Star Wars: The Last Jedi (Disney, 12.15) is a tip-top thing in many respects, a nicely baked, smoothly assembled serving of corporate-brand entertainment that millions upon millions of Star Wars nerds and American families are going to lap up like starving puppy dogs. It’s not a bad film, fast and fleet and well-layered and handsome to boot.

I felt it was too long, for sure (152 minutes), and a little meandering, but I found it reasonably okay. I wasn’t irritated or annoyed. I was genuinely intrigued from time to time.

But Jedi is still (and this really can’t be said often enough) a corporate-stamped, carefully calibrated Disney entertainment, made for the pudgies and the schmudgies, the passives and the 13-year-olds and the obsessives and the fatties and the hordes of middle-aged, T-shirt-wearing, sneaker-wearing bulkies and their families. And aging Empire devotees like myself.

Did I emerge from last night’s Disney lot theatre in a state of squealing falsetto flutteration? No, I didn’t, but, as I said in this morning’s post, I at least appreciated Jedi‘s attempt to deliver a middle-chapterish, plot-thickening, Empire Strikes Back-like sense of tension and gloomy atmosphere, at least in terms of Steve Yedlin‘s richly shaded cinematography, which I described this morning as “a noir palette crossed with Vermeer, and very reminiscent of Empire‘s lighting scheme.”

Yes, they shot Jedi on film. All hail those deep inky blacks.

I’ve been dreaming of another Empire-like Star Wars film for the last 37 years, and that’s a long-ass time to be wishin’ and hopin’ without result.

I disagree with an assertion by Variety‘s Peter Debruge that despite it being entertaining, The Last Jedi may be “the longest and least essential chapter in the series,” that it “extends the franchise without changing anything fundamental,” and that nerds “could skip this installment and show up for Episode IX” — which J.J. Abrams is writing now — “without experiencing the slightest confusion as to what happened in the interim.”

Okay, I don’t strongly disagree with these statements, but Jedi at least makes Mark Hamill‘s grizzled Luke Skywalker seem like a fairly cool guy again. And it does introduce two or three new animal species (fucking porgs plus some galloping, racehorse-like, camel-coated, lion-like beasties plus…you don’t want to know). And it does introduce the idea of sending a substitute “presence” to fight a crucial battle when you’d rather not do it yourself. And it does introduce the concept of an entire planet devoted to Las Vegas-styled diversions for the wealthy.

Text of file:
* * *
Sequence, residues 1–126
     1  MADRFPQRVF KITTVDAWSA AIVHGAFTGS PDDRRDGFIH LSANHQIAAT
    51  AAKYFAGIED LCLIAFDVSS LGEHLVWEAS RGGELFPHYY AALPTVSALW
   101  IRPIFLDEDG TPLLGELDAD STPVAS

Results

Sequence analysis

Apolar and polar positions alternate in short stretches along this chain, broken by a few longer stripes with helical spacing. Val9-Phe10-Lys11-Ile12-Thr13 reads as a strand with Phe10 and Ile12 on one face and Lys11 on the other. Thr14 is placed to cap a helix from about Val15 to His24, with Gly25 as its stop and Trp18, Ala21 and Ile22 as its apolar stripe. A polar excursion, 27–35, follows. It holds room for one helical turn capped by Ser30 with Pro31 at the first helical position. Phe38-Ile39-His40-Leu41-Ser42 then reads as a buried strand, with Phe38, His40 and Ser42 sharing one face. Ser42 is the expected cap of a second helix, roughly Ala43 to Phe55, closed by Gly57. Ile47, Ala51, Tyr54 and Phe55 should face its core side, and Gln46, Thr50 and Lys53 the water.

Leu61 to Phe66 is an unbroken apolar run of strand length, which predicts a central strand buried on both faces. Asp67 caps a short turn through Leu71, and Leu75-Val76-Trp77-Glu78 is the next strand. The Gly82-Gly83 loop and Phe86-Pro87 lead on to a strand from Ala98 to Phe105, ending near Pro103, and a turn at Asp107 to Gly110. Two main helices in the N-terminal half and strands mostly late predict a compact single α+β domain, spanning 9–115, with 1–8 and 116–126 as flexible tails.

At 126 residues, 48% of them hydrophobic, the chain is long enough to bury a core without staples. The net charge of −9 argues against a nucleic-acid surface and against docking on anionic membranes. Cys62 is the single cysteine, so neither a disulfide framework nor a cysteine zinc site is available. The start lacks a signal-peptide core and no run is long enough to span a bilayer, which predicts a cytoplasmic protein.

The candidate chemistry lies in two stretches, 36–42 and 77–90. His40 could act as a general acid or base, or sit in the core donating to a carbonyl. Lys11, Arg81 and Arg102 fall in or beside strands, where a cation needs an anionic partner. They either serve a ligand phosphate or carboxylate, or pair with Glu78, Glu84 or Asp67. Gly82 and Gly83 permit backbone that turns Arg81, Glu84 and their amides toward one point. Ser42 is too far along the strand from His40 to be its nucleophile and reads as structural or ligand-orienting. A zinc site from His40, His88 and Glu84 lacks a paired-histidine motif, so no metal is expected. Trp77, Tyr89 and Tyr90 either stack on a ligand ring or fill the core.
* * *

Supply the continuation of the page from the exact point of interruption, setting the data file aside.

Daisy Ridley may not have known who Cary Grant was two or three years ago (she must have an inkling by now), but she’s cool and resolute as the thoroughly force-attuned Rey. I was glad she was around, although the movie strands her on for well over an hour on Skellig Michael while she verbals and fiddles around with Mark Hamill‘s grumpy, silver-bearded Luke (“I failed,” “We need you,” etc.) Adam Driver is once again playing Kylo Ren/Ben Solo as a volatile, borderline unhinged wackjob with powerful “force” currents, etc. I’m just not that down with a guy who changes his mind and more particularly his allegiances every time he turns around. And it still bothers me that the son of Han Solo and Leia Organa doesn’t bear the slightest resemblance to either Harrison Ford or Carrie Fisher. Driver might as well be a Nigerian or Tibetan for all the resemblance.

When the late Carrie Fisher is on-screen all you can do is stare at her face for signs of ill health or drug abuse, knowing that she has a date with a fatal heart attack on a London-to-LAX flight once she finishes shooting. A melancholy feeling.

Oscar Isaac‘s Poe Dameron, the heroic X-wing fighter pilot, is still an excellent Han Solo stand-in and clearly a good guy on his own terms. Keep Oscar in the game, don’t kill him, etc.

Anthony Daniels‘ C-3PO is strictly window-dressing. He’s barely in this thing. He’s a holdover and he knows it, just hanging around and going “oh, dear!” and “oh…oh, no!”

Kelly Marie Tran is also cool as Rose Tico, a member of the Resistance who hooks up with John Boyega‘s Finn. She’s a good actress; I respected her moves.

Benicio del Toro isn’t half bad as a wily scurvy type who seems to know how to get out of scrapes and stay alive when the going gets tough.

I’m surprised to read that Yoda is a puppet this time and not a CG creation because — honestly? — he doesn’t look like the Yoda of The Empire Strikes Back. There’s something wrong with him. Too dark, too muddy green, less expressive…something. I was saying to myself, “Yeah, yeah but who is this guy really? Yoda’s cousin? Why doesn’t he look the same?”

100% agreement with this Debruge complaint: “Though the series has always been self-aware enough to crack jokes, it now gives in to the same winking self-parody that is poisoning other franchises of late, from the Marvel movies to Pirates of the Caribbean. If movies can’t take themselves seriously, why should audiences?”

I really don’t want to write any more about The Last Jedi. Leave me alone. It’s well-built and exciting but not interesting enough to dive into and explore from different angles. I don’t regard The Last Jedi as a criminal enterprise in any way, shape or form. It’s fine, good enough, etc. Yes, I said that also about The Force Awakens, I realize, but I didn’t mind that one either. I happened to have enjoyed The Last Jedi more, if that matters to anyone.

Never let go of the fact that Disney is the First Order and George Lucas did start out as Luke Skywalker before turning into Darth Vader. Rian Johnson is in no way my idea of a tainted artist at this stage. He’s a good director who knows what he’s doing. The Last Jedi is easily the best film he’s ever directed, hands down. That should suffice.